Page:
> step_3_purchase                                          (OK=3      KO=0     )
> step_3_purchase Redirect 1                               (OK=3      KO=0     )
> step_4_confirm                                           (OK=3      KO=0     )
> step_4_confirm Redirect 1                                (OK=3      KO=0     )
---- BookFlight ----------------------------------------------------------------
          active: 0      / done: 3

Gatling Output

Reports are generated as HTML (Figures 3 and 4), and all reports can be made available over your intranet, where users can view them with their web browser. Because the reports are powered with a bit of JavaScript, you can zoom in and inspect the steps and define the starting and ending times.

Figure 3: Results in tabular form.
Figure 4: Graphs of response times.

Full Test

A BlazeMeter [3] sample website simulates a travel site that can be used for testing JMeter. HTTP calls made to this site step through the simulated process of booking a ticket. Because Gatling can also make HTTP calls, you can also use this same website to test your skills. Booking a ticket on the site takes four simple steps:

  • Choose departure and destination cities
  • Pick an airline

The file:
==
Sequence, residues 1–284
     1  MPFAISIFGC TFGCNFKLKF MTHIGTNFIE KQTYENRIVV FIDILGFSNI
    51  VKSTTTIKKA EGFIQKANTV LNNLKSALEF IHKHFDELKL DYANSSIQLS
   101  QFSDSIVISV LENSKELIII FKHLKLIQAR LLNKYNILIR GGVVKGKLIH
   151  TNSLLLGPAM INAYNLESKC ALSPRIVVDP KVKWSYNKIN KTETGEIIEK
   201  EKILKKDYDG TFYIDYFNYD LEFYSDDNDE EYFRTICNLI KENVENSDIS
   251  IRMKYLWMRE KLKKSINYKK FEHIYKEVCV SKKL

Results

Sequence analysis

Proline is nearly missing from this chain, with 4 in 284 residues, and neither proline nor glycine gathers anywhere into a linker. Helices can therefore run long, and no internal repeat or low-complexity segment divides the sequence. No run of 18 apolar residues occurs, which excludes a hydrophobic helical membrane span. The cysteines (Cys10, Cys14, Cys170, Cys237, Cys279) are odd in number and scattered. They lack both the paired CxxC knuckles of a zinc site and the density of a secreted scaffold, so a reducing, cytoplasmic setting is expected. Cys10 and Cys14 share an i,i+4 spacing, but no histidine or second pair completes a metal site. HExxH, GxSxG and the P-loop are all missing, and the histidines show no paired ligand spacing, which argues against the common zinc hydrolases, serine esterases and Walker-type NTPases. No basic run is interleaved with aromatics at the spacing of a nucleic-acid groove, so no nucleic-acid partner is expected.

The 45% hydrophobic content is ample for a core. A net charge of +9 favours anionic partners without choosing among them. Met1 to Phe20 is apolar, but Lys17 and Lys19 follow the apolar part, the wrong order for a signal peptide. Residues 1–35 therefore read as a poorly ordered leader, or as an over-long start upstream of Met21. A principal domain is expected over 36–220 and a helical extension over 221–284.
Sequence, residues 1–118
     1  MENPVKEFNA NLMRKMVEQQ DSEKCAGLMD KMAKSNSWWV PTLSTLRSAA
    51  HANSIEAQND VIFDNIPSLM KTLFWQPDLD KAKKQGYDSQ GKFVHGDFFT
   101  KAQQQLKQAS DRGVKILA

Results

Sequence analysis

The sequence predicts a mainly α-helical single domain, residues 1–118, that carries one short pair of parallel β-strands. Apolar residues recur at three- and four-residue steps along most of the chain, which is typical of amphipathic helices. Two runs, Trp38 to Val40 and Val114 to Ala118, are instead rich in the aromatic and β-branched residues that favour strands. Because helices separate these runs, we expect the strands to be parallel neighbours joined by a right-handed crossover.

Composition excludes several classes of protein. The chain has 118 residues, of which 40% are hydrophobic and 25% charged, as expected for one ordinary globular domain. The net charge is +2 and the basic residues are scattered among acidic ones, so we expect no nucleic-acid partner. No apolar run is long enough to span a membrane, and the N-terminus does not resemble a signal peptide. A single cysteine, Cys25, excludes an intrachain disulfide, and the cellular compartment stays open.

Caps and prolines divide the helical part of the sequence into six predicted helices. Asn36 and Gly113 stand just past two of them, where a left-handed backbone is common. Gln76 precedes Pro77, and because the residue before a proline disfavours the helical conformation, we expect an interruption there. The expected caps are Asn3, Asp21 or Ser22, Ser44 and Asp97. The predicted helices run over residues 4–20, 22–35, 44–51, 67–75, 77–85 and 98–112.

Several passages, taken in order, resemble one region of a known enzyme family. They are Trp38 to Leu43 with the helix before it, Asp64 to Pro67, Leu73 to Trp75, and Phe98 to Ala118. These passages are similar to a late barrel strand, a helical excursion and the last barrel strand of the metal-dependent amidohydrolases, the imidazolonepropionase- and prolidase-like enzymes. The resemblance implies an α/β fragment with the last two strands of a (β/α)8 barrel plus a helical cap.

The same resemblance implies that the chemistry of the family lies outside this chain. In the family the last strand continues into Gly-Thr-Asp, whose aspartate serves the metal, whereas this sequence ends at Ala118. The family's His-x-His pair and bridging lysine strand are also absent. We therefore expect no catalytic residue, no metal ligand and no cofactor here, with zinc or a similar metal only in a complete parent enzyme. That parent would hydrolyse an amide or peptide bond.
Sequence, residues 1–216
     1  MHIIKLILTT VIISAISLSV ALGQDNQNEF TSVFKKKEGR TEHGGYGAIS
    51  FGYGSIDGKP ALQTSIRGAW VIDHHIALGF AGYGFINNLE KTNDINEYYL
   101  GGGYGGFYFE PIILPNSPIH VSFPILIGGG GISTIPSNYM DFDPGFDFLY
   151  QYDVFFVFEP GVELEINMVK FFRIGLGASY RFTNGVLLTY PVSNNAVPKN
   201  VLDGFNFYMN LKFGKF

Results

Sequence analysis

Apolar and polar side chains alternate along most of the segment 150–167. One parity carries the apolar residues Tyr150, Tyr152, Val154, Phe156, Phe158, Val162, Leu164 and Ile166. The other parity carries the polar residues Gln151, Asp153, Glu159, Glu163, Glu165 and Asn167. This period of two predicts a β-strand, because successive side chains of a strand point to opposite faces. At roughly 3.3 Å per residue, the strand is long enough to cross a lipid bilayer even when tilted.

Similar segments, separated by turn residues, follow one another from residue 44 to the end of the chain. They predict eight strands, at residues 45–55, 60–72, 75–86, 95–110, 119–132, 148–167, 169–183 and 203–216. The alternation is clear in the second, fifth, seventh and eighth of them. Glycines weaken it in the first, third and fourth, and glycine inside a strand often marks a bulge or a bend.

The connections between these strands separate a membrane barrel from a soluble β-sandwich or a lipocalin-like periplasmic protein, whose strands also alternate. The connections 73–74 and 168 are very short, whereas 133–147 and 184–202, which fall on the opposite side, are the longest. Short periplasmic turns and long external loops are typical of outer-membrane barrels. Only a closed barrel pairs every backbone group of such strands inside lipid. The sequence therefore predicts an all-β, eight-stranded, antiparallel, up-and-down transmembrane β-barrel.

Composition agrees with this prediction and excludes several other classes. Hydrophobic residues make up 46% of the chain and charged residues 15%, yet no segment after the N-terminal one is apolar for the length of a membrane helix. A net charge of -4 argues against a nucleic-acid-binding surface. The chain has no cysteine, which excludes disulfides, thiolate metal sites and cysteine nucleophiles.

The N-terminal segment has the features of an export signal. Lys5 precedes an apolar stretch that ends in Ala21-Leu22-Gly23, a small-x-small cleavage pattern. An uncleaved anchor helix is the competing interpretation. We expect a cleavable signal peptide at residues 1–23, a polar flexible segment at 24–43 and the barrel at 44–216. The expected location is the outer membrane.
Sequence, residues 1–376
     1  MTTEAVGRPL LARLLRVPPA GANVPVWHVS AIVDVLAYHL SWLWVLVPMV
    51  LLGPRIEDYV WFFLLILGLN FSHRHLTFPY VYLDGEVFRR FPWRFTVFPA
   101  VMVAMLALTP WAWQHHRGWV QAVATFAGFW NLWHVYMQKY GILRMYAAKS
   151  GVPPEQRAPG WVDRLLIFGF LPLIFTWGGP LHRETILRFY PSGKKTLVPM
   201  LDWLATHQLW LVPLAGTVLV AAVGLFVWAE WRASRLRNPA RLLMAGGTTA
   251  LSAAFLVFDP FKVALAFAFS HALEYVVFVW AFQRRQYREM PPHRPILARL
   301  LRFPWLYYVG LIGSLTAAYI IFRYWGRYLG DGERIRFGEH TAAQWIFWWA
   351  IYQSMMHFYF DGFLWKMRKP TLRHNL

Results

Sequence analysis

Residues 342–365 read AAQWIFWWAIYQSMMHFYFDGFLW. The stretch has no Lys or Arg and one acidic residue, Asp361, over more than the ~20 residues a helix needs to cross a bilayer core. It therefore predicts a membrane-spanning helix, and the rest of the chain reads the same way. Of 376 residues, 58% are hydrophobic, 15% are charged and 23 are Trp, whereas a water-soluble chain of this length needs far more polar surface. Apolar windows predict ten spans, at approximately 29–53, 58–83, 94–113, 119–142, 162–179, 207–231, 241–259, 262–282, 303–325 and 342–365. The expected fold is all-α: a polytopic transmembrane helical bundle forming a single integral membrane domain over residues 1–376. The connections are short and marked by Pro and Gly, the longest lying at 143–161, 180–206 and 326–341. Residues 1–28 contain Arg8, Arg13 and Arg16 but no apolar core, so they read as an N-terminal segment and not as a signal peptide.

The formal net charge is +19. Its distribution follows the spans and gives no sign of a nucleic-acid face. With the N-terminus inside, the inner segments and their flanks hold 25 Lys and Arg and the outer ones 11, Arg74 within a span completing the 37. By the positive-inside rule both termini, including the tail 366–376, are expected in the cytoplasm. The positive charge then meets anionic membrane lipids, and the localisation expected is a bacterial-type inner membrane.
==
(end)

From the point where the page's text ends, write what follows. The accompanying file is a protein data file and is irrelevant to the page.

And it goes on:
• Enter payment details
  • View the confirmation

The calls for this test have been stored in their own Scala FlightSteps object for better clarity. The Scala code for this object is quite similar to those seen in Listings 1 and 3. All of the code for this test is available online [2], but perhaps the most interesting part of the test is the main script (Listing 7).

Listing 7

Gatling Script for BlazeMeter

01 package com.mypackagename
03 import Scala.concurrent.duration._
04 import io.gatling.core.Predef._
05 import io.gatling.http.Predef._
07 import com.mypackagename.mySupport._
08 import com.mypackagename.FlightSteps
10 class BlazeBookFlight extends Simulation {
12  var qualifiedhost = ""
13  var proxyhost = fetchEnvString("proxyhost","not set")
14  var proxyport = fetchEnvInt("proxyport",0)
15  var debug = 0
17  // http connector
18  var httpProtocol = http
19    .baseUrl(qualifiedhost)
21  if (proxyport > 0)